The 1980s and the 1990s outline the story of the Grundy company as an increasingly transnational organisation. The company set up a production office in Los Angeles in 1979 and by 1982 had programs in production in the United States, Hong Kong, and Brunei. The establishment of permanent offices in multiple territories, however, is not part of its long-term goal. After all, in Australia, the company had opened and closed offices in particular state capitals as the demands of production had dictated. The same logic has tended to operate internationally. The key to the transnational operation of Grundy transnationally has lain in the ownership and control of formats both in game shows and drama serials. Grundy has typically sought a local production partner in a particular national territory and this co-production strategy has had three important consequences so far as the company is concerned. It allows Grundy to act in a quality-control role in relation to production; it guarantees that the local production company will establish and maintain the "indigenisation" of the program format; and it enables Grundy to retain control of the format for other territories. Distributing its large packages of drama serials, especially those produced in Australia, ensures that the company has a "calling card" when it seeks to enter new territories.

Nevertheless the company has found it important to establish offices in particular regions. In 1983 the company was re-structured with Grundy World Wide, headquartered in Bermuda, as the parent company. To serve its European operation, the most important sector of its activities, the company has an office in London. It also has permanent offices in Chile to anchor its Latin American operation and an office in Singapore that services Asia. Its Los Angeles office has had a major function in developing new game show formats both for the United States and also for other territories, most especially those in Western Europe.

Where is Reg Grundy in all of this? The answer is that until very recently he was the driving figure behind the very highest executives in his organisation, always aware that good executives and new, attractive formats were the lifeline of his organisation. Unlike a Rupert Murdoch, however, he had no offspring to groom as successors. In 1995 he sold Grundy World Wide to the Pearson International for $386 million (U.S.). The sale saw his executives remain in place, continuing to expand the company. This was likely to accelerate, given that Pearson Television already held the format catalogue of Thames Television. Grundy meanwhile, from his home in Bermuda, through his private investment company, RG Capital, was reported to be seeking shares in several Australian television and radio stations.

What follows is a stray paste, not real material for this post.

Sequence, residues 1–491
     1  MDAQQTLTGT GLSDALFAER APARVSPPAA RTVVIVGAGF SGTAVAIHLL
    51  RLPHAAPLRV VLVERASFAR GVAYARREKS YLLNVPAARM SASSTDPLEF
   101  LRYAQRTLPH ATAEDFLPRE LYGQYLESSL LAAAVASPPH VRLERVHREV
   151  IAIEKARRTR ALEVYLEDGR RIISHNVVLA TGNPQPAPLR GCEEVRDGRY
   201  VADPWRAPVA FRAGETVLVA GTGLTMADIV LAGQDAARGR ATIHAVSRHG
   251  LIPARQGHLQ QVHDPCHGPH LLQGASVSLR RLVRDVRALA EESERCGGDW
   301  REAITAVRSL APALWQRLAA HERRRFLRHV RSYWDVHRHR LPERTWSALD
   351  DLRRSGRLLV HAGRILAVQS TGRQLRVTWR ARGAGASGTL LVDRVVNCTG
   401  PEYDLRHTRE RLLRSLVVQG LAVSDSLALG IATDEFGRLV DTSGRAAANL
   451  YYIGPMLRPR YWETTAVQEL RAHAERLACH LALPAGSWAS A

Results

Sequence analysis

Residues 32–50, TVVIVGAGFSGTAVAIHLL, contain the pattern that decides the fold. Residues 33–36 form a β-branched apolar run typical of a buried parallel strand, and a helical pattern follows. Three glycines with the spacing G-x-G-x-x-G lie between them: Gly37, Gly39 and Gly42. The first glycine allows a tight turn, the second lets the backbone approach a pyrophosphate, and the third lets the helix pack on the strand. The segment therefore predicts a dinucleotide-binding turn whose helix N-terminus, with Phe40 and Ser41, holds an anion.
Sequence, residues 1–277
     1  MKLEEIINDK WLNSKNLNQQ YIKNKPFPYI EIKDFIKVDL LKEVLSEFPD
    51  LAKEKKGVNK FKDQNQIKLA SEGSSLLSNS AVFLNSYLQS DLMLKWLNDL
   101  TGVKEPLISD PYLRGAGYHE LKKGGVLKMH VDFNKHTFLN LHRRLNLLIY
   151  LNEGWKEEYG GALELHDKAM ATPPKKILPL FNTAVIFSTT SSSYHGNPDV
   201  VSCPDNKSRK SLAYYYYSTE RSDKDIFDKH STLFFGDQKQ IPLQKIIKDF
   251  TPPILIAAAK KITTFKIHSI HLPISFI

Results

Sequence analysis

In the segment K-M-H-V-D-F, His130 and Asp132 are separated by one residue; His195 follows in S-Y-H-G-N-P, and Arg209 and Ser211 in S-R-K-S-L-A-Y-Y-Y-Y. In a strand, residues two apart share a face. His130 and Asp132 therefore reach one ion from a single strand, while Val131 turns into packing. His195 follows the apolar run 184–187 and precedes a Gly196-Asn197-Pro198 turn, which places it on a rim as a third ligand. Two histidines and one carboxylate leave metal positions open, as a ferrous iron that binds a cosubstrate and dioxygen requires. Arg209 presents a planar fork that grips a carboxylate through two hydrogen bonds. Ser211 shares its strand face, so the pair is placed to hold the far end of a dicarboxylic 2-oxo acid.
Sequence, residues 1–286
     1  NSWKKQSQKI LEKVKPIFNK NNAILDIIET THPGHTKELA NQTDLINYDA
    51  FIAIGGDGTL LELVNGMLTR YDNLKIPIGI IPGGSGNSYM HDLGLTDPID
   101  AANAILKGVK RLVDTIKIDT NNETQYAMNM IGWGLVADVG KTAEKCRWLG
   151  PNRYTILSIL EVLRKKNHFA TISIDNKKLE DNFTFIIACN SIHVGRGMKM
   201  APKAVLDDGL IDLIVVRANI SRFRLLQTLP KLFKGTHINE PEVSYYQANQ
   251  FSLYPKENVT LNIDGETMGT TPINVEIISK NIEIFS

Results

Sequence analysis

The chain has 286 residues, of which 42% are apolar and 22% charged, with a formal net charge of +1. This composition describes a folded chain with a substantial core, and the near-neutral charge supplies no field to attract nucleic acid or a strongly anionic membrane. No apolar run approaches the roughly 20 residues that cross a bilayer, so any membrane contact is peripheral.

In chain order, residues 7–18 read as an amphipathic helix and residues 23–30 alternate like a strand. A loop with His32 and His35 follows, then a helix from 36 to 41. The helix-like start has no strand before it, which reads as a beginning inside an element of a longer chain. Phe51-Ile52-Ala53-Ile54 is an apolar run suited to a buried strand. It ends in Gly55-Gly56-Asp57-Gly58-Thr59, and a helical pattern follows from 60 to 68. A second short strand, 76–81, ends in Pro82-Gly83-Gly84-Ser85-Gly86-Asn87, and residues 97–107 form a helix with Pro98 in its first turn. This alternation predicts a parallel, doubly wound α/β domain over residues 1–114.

-Albert Moran

 


Reg Grundy
Photo courtesy of Grundy Television

REG GRUNDY. Born in Sydney, Australia, 1923. Educated at St. Peter's College. Married Joy Chalmers. Worked as a sports commentator and a time salesman with Sydney radio station 2CH; host, a radio quiz show, 1957, which he subsequently took to television TCN 9, 1959; founder, Reg Grundy Enterprises, 1960; leading producer of game shows in Australian television; expanded into production of drama serials, from 1973, including The Young Doctors, The Restless Years, Prisoner and Neighbours; company reorganized as Grundy Organisation, 1978; opened its first overseas office in Los Angeles, 1979; Grundy relocated to Bermuda, 1982; sold the television company to Pearson Television, United Kingdom, 1995.

FURTHER READING

Bielby, Peter, editor. Australian TV: The First Twenty Five Years. Melbourne, Australia: Nelson, in Association with Cinema Papers, 1981.

Dawtrey, Adam. "Media Magnet: Pearson Plays the Field." Variety (Los Angeles), 10 April 1995.

Gelman, Morrie. "TV's Multinational Forces to be Reckoned With." Broadcasting and Cable (Washington, D.C.), 23 January 1995.

Groves, Don. "Grundy Spins 'Wheel' Throughout Far East: 'Fortune,' 'Feud' Set, China, India Targeted." Variety (Los Angeles), 19 December 1994.

Hall, Sandra. Supertoy: 20 Years of Australian Television, Melbourne, Australia: Sun Books, 1976.

Jacka, Elizabeth, and Lesley Johnson. "Australia." In, Smith, Anthony, editor. Television, An International History. Oxford: Oxford University Press, 1995.

McClellan, Steve. "Grundy Targets European Barter: Division will Develop Sponsored Programs." Broadcasting (Washington, D.C.), 24 August 1992.

O'Regan, Tom. Australian Television Culture. Sydney, Australia: Allen and Unwin, 1994.